Art & Design

Inside MoMA’s Multi-Multimedia Björk Extravaganza

Art & Design

Inside MoMA’s Multi-Multimedia Björk Extravaganza

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The wildly anticipated Björk exhibition opens at MoMA this Sunday, which is a sentence I still cannot believe is true. Don’t get me wrong, I love me some Björk. If any musician’s oeuvre could be transformed into a compelling, convincing museum show, it would be Iceland’s most glorious weirdo. That said, the MoMA’s Björk extravaganza is evidence that a musician’s oeuvre really has no business at a modern art museum. Art snobs and tourists alike (the show likely caters to the latter) will, unfortunately, feel underwhelmed by the multi-multi-multi-media Björk experience.

Curated by Klaus Biesenbach, PS1 Director and MoMA’s celeb ambassador (he counts James Franco, Patti Smith and Lana Del Rey among his BFFs), the show took three years to develop. At its heart is “Songlines:” a 40-minute long multi-sensory journey through everything Björk (don’t worry, it doesn’t actually take 40 minutes. American museum goers are impatient and will rush you along in about 20. Most are just there to Instagram a picture of the swan dress anyway). Visitors don headphones, attached to an iPod-like device which communicates via Bluetooth with the exhibit to advance through her catalogue of albums as you progress through the show.

Notebooks, outfits (the Marjan Pejowski swan dress, the Alexander McQueen bubble dress, and the Biophilia tour dress by Iris van Herpen, amongst others), videos and music video props are on display. Because the guards and guests usher you through at a hastened pace, the sonic element is confusing and disorienting (wait a minute, the gentleman on the headphones told me to take my time!). And in the end, one feels utterly dissatisfied (“I waited in line for 3 hours for that?!” … I was at a press preview, so I didn’t, but presumably others will). Perhaps a documentary would have been a more effective way to visually and sonically tell Björk’s story. “Songlines” is multimedia for the sake of multimedia at its finest.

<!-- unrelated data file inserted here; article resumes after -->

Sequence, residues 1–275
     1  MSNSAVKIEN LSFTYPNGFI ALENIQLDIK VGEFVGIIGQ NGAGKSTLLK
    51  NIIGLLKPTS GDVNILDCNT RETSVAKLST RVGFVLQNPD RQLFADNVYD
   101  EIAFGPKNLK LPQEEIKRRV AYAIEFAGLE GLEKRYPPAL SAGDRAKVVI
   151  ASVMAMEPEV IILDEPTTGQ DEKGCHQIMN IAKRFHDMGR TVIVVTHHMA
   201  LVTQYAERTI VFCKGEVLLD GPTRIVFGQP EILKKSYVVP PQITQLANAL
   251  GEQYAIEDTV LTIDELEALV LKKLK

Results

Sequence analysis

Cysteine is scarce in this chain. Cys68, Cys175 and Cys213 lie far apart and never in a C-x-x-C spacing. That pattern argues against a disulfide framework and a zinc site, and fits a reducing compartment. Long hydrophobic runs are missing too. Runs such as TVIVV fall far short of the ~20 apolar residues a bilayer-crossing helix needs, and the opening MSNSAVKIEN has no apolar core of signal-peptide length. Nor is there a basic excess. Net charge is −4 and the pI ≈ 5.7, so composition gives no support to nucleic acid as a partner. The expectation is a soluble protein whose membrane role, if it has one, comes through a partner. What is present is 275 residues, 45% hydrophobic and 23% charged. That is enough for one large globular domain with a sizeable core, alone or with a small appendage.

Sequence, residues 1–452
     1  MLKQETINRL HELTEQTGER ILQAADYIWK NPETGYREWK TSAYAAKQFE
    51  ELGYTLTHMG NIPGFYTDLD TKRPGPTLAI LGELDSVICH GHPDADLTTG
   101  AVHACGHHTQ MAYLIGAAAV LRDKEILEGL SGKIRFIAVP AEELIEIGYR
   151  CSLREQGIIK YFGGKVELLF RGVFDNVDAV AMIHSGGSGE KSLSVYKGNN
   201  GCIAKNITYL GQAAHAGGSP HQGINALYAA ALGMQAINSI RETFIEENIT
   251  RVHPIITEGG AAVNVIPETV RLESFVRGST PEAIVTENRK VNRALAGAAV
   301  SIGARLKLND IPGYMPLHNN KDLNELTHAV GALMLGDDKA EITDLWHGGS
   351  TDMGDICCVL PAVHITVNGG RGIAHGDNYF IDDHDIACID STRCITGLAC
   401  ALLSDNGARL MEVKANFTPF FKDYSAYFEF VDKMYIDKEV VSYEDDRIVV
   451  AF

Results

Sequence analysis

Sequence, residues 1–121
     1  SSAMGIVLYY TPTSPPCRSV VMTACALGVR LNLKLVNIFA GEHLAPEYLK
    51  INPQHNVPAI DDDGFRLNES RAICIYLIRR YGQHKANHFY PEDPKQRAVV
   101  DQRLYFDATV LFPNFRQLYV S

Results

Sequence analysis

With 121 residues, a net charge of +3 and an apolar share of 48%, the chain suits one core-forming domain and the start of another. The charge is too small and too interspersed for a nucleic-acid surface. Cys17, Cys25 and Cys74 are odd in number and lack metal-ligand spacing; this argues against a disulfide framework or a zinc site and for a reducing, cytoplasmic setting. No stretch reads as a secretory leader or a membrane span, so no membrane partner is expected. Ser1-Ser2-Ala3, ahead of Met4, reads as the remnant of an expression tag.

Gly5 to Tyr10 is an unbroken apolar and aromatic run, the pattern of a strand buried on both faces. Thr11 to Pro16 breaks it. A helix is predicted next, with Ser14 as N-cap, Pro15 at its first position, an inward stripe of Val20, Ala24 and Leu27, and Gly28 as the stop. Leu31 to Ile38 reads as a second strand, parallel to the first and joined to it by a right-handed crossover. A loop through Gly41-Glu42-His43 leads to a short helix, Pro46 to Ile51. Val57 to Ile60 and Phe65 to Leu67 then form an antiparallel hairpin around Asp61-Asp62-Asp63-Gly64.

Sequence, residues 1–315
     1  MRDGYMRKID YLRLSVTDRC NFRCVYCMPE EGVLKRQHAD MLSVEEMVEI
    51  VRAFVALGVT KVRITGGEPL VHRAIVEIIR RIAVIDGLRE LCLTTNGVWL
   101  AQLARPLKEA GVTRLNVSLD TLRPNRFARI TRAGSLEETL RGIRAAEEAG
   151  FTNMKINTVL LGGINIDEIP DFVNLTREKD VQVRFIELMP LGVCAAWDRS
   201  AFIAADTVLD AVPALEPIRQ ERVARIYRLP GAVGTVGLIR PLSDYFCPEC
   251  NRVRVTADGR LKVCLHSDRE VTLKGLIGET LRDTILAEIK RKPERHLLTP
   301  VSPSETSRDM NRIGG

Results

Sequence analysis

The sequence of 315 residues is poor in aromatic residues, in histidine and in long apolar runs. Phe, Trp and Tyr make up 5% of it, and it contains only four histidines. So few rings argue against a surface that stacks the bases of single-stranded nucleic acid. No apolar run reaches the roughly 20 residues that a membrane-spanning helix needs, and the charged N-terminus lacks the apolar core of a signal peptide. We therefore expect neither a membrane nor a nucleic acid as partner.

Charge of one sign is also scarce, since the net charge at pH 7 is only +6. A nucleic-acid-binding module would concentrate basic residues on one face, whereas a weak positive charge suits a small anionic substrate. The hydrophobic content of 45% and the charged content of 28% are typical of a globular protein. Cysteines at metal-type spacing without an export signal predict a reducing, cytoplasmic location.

Meanwhile, on Floor 2, there is a 10-minute MoMA-commissioned piece entitled “Black Lake.” As far as I can tell, it is a glorified music video release (hey, we do those too!). Two massive screens depict Björk dancing her way through a cave while music pulsates from a bajillion surround speakers. The song is utterly beautiful (most Björk songs are), but the result is far from extraordinary. At the press preview, Björk introduced the piece in that adorable little Icelandic squeak of hers. Unfortunately that won’t happen for the regular folk who line up for 10-minutes of uninterrupted Björk.

Ultimately, Björk at MoMA is a failed experiment and, sadly, a massive waste of space at a museum that has one of, if not the most impressive permanent collection of modern works tucked away somewhere out of view. Björk at MoMA is best saved for when your folks come to visit.